Description from Flora of China
Herbs annual, biennial, or perennial, rarely subshrubs or shrubs, often glaucous. Trichomes absent or simple. Stems erect or ascending, simple or branched, leafy or rarely leafless. Basal leaves petiolate, rosulate or not, simple, entire, dentate, lyrate-pinnatifid, or pinnatisect. Cauline leaves petiolate or sessile, base cuneate, attenuate, auriculate, sagittate, or amplexicaul, margin entire, dentate, or lobed. Racemes ebracteate, elongated in fruit. Fruiting pedicels ascending, divaricate, or reflexed. Sepals ovate or oblong, erect, ascending, or rarely spreading, base of lateral pair saccate or not. Petals yellow, rarely white or pink; blade obovate, spatulate, or rarely oblanceolate, apex obtuse or emarginate; claw distinct, subequaling or longer than sepals. Stamens 6, tetradynamous; anthers ovate or oblong, obtuse at apex. Nectar glands 4, median and lateral, rarely 2 and lateral. Ovules 4-50 per ovary. Fruit dehiscent siliques, linear or rarely oblong, terete, 4-angled, or latiseptate, sessile or shortly stipitate, segmented; valvular segment dehiscent, 4-46-seeded, longer than terminal segment, smooth or torulose, valves with a prominent midvein and obscure lateral veins; terminal segment seedless or 1(-3)-seeded; replum rounded; septum complete, translucent or opaque, veinless or with a distinct midvein; style obsolete or distinct; stigma capitate, entire or 2-lobed. Seeds uniseriate or rarely biseriate, wingless, globose or rarely oblong, plump or rarely slightly flattened; seed coat reticulate, mucilaginous or not when wetted; cotyledons conduplicate.
Brassica includes the most important vegetables and oilseed plants of the Brassicaceae, and China is the center where human selection has created numerous cultivars, more so than elsewhere in the world. Most of these were described by Liberty H. Bailey as species based primarily on minor differences in leaf morphology. In fact, Bailey (Gent. Herb. 1: 53-108. 1922; 2: 211-267. 1930; 4: 319-330. 1940) recognized 25 crop species of Brassica (including two presently assigned to Sinapis and ten as "new"), of which 23 species names clearly belong to only six species (nos. 1-5 of the present account, plus B. carinata A. Braun). Critical study of all of Bailey's types by one of the present authors (Al-Shehbaz), along with comprehensive cytological, crossing, and molecular studies conducted by numerous researchers over the past several decades, reveal that all of Bailey's "species and infraspecific taxa" clearly belong to four species: B. juncea (2n = 36), B. napus (2n = 38), B. oleracea (2n = 18), and B. rapa (2n = 20).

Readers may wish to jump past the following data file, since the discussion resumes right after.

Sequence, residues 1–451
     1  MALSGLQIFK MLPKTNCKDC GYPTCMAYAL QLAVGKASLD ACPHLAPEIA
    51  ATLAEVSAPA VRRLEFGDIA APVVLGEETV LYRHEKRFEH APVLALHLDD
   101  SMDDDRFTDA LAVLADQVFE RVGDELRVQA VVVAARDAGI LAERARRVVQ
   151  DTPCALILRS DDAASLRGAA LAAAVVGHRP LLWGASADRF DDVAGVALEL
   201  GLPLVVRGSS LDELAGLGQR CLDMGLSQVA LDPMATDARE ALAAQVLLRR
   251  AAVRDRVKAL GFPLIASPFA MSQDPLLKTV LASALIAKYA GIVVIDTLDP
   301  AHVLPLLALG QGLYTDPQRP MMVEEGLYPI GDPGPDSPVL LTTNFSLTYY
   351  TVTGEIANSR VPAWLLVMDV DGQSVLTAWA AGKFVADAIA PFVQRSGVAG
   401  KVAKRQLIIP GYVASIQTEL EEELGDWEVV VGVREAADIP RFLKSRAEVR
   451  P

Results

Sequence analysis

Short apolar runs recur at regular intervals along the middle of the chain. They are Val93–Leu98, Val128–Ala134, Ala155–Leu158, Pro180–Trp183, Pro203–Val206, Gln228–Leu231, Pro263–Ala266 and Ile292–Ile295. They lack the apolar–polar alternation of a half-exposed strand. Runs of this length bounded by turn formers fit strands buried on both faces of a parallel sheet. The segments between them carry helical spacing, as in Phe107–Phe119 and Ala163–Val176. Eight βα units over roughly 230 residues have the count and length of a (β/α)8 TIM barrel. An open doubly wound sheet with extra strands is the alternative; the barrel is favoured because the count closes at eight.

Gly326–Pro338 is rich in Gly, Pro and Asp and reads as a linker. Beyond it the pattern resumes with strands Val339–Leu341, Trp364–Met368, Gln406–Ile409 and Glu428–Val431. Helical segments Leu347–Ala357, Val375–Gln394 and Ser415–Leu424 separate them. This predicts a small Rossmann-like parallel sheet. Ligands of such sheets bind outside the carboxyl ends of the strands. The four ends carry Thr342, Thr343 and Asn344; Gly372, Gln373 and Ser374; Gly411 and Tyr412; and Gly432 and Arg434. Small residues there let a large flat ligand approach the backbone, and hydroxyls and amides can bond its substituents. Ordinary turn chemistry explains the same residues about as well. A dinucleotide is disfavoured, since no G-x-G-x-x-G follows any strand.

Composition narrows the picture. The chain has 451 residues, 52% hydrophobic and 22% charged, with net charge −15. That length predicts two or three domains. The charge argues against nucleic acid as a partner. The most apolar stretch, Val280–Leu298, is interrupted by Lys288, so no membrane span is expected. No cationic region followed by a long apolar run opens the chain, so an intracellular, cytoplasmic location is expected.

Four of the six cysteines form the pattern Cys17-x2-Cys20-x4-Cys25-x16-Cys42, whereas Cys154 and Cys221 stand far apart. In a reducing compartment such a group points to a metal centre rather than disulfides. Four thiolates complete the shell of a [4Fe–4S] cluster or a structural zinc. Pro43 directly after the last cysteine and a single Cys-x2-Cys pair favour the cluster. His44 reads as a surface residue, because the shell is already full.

Cultivated forms (or taxa) with the same chromosome number are indistinguishable in fruit, seed, and flower characters, and they interbreed freely and produce fully fertile offspring. Furthermore, such forms often lose their identity outside of cultivation and become basically indistinguishable from the weedy forms of the species to which they belong. Because the Chinese Brassica are maintained only in cultivation as distinct crops and have well-established Chinese names, they have been recognized in most of Chinese floras as distinct species. However, they are best treated as varieties, just as the numerous and morphologically far more diversified forms of B. oleracea are recognized worldwide (see below). As many as 18 species of Brassica have been recognized in China, but the easternmost native range of the genus hardly reaches C Asia. On the basis of the enormous array of cultivated infraspecific taxa of B. juncea and B. rapa in China, it is evident that these two species have been domesticated there for thousands of years.
About 40 species: primarily in the Mediterranean region, especially SW Europe and NW Africa; six species in China.